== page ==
Originally Posted by fssbzz
i tried the Blue switches from DAS before but i don't like it, so i return it.
don't like the clicky feel.
anyway, can you do a simple explain for me with tactile? i don't understand what tactile mean..my english suck.
A picture is worth a thousand words. http://translate.google.com/translat...&sl=auto&tl=en
(scroll down a bunch)
They have 1 flash animation, and it's of the Cherry MX Blue switch:
(or click the text in the top of this animation to see an even bigger version)
Study this animation and also study their real photos as well as their drawings of the four Cherry MX Switch types that they show. You can see what makes the Cherry MX Blacks linear (non-tactile and non-clicky), and you can see what gives the Browns, Whites and Blues their tactile response.
This "tactile bump" can be described like this: imagine pressing a key downward in slow-motion. For tactile switches like the Cherry MX Browns, Blues and Whites (and the Alps Copies in the ABS M1), there is a bit of resistance at the beginning of the key stroke as you try to push it downward. Then, suddenly, it gives way and then you get past this bump and the remainder of the keystroke is linear because there's nothing else but the spring to provide resistance.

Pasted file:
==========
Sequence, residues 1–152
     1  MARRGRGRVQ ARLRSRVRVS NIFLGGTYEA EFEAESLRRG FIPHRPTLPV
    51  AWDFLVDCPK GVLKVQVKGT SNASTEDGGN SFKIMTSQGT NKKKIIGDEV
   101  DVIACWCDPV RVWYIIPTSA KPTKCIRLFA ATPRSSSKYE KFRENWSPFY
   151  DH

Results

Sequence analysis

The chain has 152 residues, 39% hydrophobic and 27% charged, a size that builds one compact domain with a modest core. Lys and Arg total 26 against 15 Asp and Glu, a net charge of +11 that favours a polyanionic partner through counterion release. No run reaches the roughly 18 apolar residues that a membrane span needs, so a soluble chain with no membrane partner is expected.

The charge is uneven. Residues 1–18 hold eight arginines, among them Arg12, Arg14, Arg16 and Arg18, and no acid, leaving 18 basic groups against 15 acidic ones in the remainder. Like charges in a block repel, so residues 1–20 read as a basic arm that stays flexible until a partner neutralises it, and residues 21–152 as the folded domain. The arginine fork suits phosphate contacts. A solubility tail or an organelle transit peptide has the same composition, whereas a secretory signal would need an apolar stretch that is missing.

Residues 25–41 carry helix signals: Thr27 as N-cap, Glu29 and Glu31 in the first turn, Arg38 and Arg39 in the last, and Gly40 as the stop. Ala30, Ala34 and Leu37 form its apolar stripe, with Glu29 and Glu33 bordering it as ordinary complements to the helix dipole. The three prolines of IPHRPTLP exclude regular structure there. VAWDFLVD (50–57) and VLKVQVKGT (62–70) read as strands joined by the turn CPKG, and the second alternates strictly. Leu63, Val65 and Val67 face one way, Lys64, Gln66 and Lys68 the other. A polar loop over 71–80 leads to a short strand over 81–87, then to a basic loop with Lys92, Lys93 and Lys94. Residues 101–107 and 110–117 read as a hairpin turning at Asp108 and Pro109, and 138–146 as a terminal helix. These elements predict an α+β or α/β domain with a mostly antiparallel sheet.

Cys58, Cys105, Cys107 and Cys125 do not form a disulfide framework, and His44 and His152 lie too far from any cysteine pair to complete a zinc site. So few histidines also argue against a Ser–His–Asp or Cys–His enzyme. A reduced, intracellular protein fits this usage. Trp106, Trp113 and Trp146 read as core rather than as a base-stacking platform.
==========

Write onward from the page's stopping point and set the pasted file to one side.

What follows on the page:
Some tactile switches have a more pronounced tactile bump than others, and the pictures on the page I linked above do an excellent job of showing why these differences exist. for example:
From left to right, it's the Cherry MX Black, Cherry MX White/Clear, Cherry MX Brown, and the Cherry MX Blue. The picture beneath is, of course, a diagram representing the Cherry MX Brown.
But again, visit the page I linked and study the pictures. After all, a picture is worth a thousand words.
Unfortunately, I don't have a source that shows the Alps Copies in the ABS M1. Although, I imagine there is some similar structure to it that gives it its tactile, but non-clicky characteristics.